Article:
With central banks worldwide losing the battle against violently surging inflation, experts agree that investors and stock market players need to hold on to their money for a while.
Last week, the US Federal Reserve increased interest rates by around 75% of a percentage point, marking its highest rate hike since 1994. Across the Pond, the Bank of England raised its target rate for the fifth time in over six months, while the Swiss central bank posted its first rake hike in nearly two decades.
However, this may just be the beginning. Experts noted that inflation may spike to around 11% by the third quarter of this year even as the Fed increased its inflation forecast for the rest of 2022 by a full point.
For his part, Fed Chair Jerome Powell remains optimistic that the US economy may successfully hold back a recession. Still, he admits that current events – the ongoing Russian invasion of Ukraine, the COVID-19 pandemic, and even supply chain and energy production issues – pose serious challenges to economic recovery worldwide.
Indeed, Anthony Saglimbine, a global market strategist for Ameriprise, opines that the Fed may drive the economy into a recession if that means getting inflation under control.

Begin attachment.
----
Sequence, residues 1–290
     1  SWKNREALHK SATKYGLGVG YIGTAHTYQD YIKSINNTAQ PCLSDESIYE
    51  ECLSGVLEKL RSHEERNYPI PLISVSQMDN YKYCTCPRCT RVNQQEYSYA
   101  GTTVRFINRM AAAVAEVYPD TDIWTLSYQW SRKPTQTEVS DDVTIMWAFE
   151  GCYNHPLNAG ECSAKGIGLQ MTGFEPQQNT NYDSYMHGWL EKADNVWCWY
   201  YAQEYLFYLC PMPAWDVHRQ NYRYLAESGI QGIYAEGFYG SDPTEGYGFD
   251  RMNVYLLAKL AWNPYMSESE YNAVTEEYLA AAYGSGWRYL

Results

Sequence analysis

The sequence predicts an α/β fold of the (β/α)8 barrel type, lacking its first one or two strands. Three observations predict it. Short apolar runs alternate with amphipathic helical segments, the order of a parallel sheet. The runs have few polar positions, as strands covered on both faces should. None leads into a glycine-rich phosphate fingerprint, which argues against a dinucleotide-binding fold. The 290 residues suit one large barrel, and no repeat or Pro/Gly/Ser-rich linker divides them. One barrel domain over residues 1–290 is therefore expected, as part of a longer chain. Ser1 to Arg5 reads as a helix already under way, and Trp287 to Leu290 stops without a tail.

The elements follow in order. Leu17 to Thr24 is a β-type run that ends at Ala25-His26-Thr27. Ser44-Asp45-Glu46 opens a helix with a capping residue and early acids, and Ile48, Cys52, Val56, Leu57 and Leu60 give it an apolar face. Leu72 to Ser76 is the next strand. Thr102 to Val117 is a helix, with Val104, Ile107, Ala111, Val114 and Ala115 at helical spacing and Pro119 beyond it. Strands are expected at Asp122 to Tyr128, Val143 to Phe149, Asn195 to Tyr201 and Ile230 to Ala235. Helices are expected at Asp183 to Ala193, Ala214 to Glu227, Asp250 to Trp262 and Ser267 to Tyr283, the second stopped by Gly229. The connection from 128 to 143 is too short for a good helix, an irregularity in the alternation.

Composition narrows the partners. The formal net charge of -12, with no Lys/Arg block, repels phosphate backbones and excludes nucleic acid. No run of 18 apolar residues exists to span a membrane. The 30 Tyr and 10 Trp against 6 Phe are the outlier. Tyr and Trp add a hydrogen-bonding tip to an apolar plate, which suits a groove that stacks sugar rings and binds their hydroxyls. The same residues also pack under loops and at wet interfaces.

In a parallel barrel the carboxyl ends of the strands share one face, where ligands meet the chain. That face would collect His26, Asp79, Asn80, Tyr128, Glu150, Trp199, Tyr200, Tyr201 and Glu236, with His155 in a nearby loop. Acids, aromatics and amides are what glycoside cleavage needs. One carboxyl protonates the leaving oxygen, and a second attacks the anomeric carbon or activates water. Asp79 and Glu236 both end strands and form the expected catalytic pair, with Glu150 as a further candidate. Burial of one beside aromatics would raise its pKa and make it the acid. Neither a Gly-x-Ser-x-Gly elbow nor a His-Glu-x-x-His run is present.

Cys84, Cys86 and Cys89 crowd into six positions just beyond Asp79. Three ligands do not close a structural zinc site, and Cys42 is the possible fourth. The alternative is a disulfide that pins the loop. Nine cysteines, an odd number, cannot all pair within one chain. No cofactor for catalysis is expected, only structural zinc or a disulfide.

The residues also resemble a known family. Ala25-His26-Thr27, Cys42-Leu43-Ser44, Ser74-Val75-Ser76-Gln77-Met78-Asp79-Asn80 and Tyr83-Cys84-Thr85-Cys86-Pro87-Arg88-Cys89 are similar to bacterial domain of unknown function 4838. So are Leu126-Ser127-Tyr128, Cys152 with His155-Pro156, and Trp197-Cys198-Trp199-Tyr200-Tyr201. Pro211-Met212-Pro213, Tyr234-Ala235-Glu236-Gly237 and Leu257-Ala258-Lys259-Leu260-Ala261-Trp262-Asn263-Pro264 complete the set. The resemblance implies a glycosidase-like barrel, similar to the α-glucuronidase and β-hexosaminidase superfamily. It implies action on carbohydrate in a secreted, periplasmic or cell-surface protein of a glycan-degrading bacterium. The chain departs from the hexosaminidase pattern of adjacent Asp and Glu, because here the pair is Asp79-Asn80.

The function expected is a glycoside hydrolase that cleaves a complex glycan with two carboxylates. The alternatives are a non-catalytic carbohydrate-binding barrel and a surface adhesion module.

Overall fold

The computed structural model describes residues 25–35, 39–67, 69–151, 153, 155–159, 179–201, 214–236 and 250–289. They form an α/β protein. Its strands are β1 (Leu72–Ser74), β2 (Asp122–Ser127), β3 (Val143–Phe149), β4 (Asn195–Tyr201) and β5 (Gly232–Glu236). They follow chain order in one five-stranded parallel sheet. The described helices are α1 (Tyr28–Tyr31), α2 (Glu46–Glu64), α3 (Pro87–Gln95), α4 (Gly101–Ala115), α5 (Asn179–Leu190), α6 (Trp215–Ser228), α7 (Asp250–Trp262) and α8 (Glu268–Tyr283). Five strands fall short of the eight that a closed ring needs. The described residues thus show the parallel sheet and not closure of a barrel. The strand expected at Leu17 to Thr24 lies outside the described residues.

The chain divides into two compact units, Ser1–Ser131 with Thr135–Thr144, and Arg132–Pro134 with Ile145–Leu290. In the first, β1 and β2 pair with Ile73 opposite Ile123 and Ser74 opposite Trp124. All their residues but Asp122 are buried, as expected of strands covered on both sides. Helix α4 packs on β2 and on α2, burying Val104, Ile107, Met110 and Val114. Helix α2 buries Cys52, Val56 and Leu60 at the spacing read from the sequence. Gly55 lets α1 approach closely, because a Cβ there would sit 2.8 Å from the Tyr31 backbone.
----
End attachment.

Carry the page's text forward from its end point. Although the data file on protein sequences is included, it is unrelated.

What Could a Recession Mean for Investors?
Over the years, recessions have meant bad news for virtually all investors. Economic downturns tend to result in reduced consumer spending and low profits for companies.
While many stock market analysts have factored the impact of a recession into their forecasts on corporate earnings, history has shown that it could drive up stock prices. Likewise, based on its performance in previous recessions, the Standard & Poor (S&P) 500 may bottom out by 7.5% and settle at 3,400.
Another factor that may complicate matters further is that most central banks can no longer depend on the tools used in previous recessions. For example, several central banks, including the Fed would cut rates and mint money to buy up government debts to induce economic stimulation.
But now, even if inflation settles at a more moderate level, factors like commodity prices, the rising cost of fuel, and still-unresolved supply chain problems can adversely impact the economy.
In which case, lowering rates may worsen inflation and undo any previous price adjustments that have been made. Nevertheless, experts say the potential recession may not be as bad as those severely affected the corporate world back in the ’80s.